The global forecast for the Asian markets is upbeat after days of selling as recession fears may already be priced in. The European markets were mixed and the U.S. bourses were up and the Asian markets figure to follow the latter lead.
The SCI finished slightly lower as losses from the resource and energy stocks were offset by support from the financials and properties.
For the day, the index eased 2.27 points or 0.07 percent to finish at 3,197.35 after trading between 3,187.26 and 3,206.72. The Shenzhen Composite Index fell 6.66 points or 0.32 percent to end at 2,064.38.
Among the actives, Industrial and Commercial Bank of China rose 0.23 percent, while Bank of China collected 0.64 percent, China Construction Bank added 0.54 percent, China Merchants Bank increased 0.37 percent, Bank of Communications gained 0.63 percent, China Life Insurance improved 0.66 percent, Jiangxi Copper was up 0.34 percent, Aluminum Corp of China (Chalco) fell 0.21 percent, Yankuang Energy tumbled 1.79 percent, PetroChina sank 0.77 percent, China Petroleum and Chemical (Sinopec) retreated 1.31 percent, Huaneng Power declined 1.37 percent, China Shenhua Energy lost 0.48 percent, Gemdale soared 2.91 percent, Poly Developments jumped 1.59 percent, China Vanke surged 4.76 percent and Beijing Capital Development rallied 2.66 percent.
The lead from Wall Street is positive as the major averages opened higher on Thursday and remained in the green throughout the session.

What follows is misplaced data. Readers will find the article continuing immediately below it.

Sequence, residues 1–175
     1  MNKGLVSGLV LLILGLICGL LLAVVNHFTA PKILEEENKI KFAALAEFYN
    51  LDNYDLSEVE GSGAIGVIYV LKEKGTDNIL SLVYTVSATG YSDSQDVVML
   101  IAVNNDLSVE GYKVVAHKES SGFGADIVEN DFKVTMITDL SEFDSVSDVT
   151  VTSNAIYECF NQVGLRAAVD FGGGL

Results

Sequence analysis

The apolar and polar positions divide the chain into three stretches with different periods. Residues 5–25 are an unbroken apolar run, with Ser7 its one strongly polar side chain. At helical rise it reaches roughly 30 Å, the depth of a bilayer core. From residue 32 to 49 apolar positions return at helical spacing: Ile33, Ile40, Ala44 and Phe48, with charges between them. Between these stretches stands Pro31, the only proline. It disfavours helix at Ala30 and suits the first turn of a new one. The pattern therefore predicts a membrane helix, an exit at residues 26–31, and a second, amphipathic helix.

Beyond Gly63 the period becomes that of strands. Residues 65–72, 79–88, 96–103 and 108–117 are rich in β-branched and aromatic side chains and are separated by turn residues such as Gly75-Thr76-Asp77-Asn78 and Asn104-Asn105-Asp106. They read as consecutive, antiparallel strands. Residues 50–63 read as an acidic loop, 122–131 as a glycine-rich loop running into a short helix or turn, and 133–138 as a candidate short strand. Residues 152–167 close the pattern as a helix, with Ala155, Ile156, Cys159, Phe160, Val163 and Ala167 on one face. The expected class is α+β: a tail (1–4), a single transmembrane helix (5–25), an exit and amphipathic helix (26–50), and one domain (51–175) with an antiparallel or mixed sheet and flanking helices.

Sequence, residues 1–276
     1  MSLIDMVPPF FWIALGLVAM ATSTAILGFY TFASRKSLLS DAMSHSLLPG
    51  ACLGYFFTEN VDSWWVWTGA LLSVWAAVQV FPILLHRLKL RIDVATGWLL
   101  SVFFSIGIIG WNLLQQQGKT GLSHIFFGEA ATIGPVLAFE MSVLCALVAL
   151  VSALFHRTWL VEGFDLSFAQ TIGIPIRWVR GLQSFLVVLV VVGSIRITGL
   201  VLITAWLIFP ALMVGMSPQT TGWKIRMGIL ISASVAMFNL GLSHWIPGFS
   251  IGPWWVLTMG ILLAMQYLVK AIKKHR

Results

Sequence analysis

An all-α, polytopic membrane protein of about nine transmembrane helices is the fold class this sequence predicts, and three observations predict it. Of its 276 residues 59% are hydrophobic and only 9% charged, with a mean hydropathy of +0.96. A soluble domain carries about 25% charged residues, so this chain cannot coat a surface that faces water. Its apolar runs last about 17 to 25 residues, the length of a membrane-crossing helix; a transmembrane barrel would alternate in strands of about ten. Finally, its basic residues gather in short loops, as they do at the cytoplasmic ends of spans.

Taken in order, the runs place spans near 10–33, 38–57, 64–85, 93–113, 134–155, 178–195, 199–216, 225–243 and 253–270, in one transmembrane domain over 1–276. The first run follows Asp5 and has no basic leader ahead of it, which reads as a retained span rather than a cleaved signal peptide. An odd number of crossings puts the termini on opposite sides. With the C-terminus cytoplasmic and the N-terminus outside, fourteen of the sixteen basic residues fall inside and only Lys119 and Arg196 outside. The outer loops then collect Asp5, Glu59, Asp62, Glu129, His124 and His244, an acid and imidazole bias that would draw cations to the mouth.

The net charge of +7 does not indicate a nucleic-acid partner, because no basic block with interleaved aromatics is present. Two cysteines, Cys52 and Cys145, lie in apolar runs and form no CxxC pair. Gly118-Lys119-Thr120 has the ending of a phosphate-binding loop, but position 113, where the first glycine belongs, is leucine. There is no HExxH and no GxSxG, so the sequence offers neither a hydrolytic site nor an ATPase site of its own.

The Dow jumped 183.56 points or 0.55 percent to finish at 33,781.48, while the NASDAQ rallied 123.45 points or 1.13 percent to end at 11,082.00 and the S&P 500 added 29.59 points or 0.75 percent to close at 3,963.51.
The strength on Wall Street came as traders picked up stocks at somewhat reduced levels following the sell-off seen to start the week, which reflected concerns about the outlook for interest rates and the economy.
Traders will be looking for signs of a slowdown in producer price inflation later today, as well as a reduction in inflation expectations amid concerns the Federal Reserve will need to push the economy into a prolonged recession in order to bring inflation down close to its 2 percent target.
The Labor Department reported that first-time claims for U.S. unemployment benefits edged slightly higher last week.
Crude oil showed a notable downturn over the course of the trading day on Thursday as traders remain concerned about the outlook for energy demand amid the possibility of a global recession. West Texas Intermediate for January delivery slid $0.55 or 0.8 percent to $71.46 a barrel.
Closer to home, China will on release November numbers for consumer prices later this morning. Inflation is expected to slip 0.2 percent on month and rise 1.6 percent on year after adding 0.1 percent on month and 2.1 percent on year in October. Producer prices are tipped to fall 1.4 percent on year after sinking 1.3 percent in the previous month.